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Biloxi Indians still remain a mystery

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The Biloxi Indians are associated with the earliest colonial history of Mississippi and the more recent history of Louisiana. Native American researchers have recently found locations of Biloxi villages in another part of the Southeast. Who exactly were this enigmatic people?

BILOXI, MISSISSIPPI - (Examiner.com) - In 1699 a fleet commanded by Pierre Le Moyne, Sieur d’Iberville established a colony near what is now Biloxi, Mississippi. Shortly, after landing, a group of small nearby village approached the French. Using a trade language known as the Mobilian Jargon, the greeting committee apparently viewed the French as protection against their enemies. They called themselves a word that the French wrote down as Tanequesa (Taneska haya,) but initially, the French could not understand their language. It means “first people.” The French later called their neighbors by the Choctaw name of the village, Bilocchy (Biloxi.)

Early 20th century studies of the few remaining speakers of Biloxi by ethnologists John Swanton and James Dorsey determined that the Biloxi spoke a Siouan language. The language is now extinct, but probably was so aberrant that it would not be understood by modern Siouans, such as the Lakota of the Northern Plains or the Catawba of the Carolinas.

Disastrous effect of French colonialism

The fort Pierre Le Moyne built was designated the first capital of the French Province of Louisiana and his brother, Jean-Baptiste de Bienville was named its first governor. Its existence was initially dependent on the good will of its indigenous neighbors.

Relations between the Biloxi and the French were fairly good, mainly because their numbers were so small. The village probably contained fewer than 200 persons. However, smallpox and other European diseases spread from the French fort quickly decimated their population. In 1702, the Biloxi survivors, along with their allies the Pascagoula and Moctobi, relocated to the west side of Mobile Bay to be under the protection of the French in Fort Conde.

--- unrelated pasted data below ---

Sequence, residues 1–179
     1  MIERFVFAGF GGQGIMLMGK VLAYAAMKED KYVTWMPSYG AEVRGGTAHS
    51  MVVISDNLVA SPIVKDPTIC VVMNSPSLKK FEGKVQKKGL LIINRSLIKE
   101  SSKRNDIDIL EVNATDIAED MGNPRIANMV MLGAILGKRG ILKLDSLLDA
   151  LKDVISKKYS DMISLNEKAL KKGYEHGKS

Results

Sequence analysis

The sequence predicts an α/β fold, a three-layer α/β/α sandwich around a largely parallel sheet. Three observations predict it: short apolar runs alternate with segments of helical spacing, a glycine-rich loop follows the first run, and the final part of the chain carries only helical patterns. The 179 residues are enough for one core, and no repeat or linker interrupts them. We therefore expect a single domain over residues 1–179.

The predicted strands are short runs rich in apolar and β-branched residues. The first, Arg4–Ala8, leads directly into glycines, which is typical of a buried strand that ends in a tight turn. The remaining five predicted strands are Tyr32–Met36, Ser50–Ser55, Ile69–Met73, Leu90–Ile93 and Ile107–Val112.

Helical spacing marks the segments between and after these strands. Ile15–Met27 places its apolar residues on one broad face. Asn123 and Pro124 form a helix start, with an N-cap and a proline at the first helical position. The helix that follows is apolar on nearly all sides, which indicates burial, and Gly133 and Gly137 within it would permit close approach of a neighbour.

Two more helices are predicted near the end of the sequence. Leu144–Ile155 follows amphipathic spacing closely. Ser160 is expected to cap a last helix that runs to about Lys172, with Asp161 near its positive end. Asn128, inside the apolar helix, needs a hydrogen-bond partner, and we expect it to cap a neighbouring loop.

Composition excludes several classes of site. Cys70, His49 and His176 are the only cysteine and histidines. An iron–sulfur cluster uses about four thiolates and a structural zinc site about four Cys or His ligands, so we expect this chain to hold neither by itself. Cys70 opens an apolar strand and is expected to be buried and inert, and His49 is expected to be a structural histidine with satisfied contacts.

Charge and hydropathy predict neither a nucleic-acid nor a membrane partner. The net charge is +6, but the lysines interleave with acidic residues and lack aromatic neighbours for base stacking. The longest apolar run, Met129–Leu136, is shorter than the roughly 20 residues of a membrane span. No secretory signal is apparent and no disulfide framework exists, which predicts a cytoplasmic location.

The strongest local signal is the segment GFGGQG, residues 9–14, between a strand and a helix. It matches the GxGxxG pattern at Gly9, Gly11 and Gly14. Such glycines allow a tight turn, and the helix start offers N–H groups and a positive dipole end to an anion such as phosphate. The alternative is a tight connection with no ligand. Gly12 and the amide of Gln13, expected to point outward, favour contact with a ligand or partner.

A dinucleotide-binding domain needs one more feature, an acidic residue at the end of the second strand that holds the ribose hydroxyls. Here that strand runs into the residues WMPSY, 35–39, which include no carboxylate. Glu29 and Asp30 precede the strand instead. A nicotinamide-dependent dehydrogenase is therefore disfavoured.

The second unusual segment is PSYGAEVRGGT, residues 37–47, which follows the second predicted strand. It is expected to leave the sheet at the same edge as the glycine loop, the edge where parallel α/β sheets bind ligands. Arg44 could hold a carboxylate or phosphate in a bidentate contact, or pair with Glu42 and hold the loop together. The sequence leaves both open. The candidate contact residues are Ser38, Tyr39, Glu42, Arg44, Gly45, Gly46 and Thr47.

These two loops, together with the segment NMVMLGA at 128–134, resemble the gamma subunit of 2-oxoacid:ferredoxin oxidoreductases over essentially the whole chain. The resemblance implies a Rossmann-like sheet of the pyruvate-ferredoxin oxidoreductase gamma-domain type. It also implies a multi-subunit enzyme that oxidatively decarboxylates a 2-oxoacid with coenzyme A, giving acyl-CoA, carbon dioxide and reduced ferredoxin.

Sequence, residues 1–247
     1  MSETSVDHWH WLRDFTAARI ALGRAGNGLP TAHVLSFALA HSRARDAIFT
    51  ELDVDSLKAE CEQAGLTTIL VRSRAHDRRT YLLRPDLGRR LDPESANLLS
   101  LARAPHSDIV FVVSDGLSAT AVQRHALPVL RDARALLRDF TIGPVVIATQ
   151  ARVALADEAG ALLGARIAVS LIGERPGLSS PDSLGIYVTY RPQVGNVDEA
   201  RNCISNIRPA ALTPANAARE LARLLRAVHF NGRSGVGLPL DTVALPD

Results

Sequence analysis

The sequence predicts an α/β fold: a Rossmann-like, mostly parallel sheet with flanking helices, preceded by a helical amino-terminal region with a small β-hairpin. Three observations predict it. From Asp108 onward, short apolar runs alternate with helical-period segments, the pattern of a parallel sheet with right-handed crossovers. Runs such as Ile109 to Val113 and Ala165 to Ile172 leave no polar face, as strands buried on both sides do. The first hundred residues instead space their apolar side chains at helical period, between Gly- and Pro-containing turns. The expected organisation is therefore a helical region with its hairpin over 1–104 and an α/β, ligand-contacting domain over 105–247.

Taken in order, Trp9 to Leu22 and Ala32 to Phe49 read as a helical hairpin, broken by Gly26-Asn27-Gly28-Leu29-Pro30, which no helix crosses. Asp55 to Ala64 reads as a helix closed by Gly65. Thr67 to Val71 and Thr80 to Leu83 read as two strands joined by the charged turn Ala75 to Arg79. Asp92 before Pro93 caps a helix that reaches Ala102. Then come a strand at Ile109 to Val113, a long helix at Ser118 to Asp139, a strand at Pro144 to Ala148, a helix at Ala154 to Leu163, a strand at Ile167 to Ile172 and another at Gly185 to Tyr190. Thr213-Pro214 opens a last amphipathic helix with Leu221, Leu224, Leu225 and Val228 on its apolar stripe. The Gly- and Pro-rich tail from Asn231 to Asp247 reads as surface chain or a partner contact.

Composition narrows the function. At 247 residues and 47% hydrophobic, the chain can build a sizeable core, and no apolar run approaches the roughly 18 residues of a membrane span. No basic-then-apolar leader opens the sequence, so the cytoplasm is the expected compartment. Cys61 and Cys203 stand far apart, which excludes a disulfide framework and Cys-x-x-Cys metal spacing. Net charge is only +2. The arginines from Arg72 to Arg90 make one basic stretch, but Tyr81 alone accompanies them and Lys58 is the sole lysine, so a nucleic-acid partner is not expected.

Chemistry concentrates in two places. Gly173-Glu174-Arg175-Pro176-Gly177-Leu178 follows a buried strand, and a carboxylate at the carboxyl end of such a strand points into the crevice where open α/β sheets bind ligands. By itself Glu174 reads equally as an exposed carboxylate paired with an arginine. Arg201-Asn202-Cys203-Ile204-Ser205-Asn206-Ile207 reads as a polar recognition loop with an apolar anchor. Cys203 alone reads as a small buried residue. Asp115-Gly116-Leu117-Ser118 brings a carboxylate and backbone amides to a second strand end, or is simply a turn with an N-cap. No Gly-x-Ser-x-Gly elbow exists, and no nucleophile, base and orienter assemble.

After the French lost the French and Indian War in 1764, the Biloxi moved to Red River Basin in the part of Louisiana that had been transferred to Spanish ownership. They eventually joined with the Tunica Tribe of Louisiana. The Tunica-Biloxi Tribe is recognized by the Federal government. It owns a reservation near Marksville, LA than contains one the nation’s oldest Native American casinos. Federal recognition was a direct result of litigation initiated by the tribe, when amateur collectors and archaeologists destroyed a site that the tribe held sacred. The successful suit directly resulted in the Native American Grave Protection and Repatriation Act.

The Tunica were once a very powerful ethnic group in southeastern Arkansas, associated with mound building and the Southeastern Ceremonial Culture. Several of their towns were visited by Hernando de Soto in 1541 the Tunica had suffered devastating population losses from European diseases and repeated attacks from their indigenous neighbors. The Chickasaws repeatedly raided the Tunica villages in the late 1600s and early 1800s to obtain slaves to sell in Charleston, SC. The surviving Tunica eventually moved to present day Louisiana to obtain French protection from Chickasaw raiders.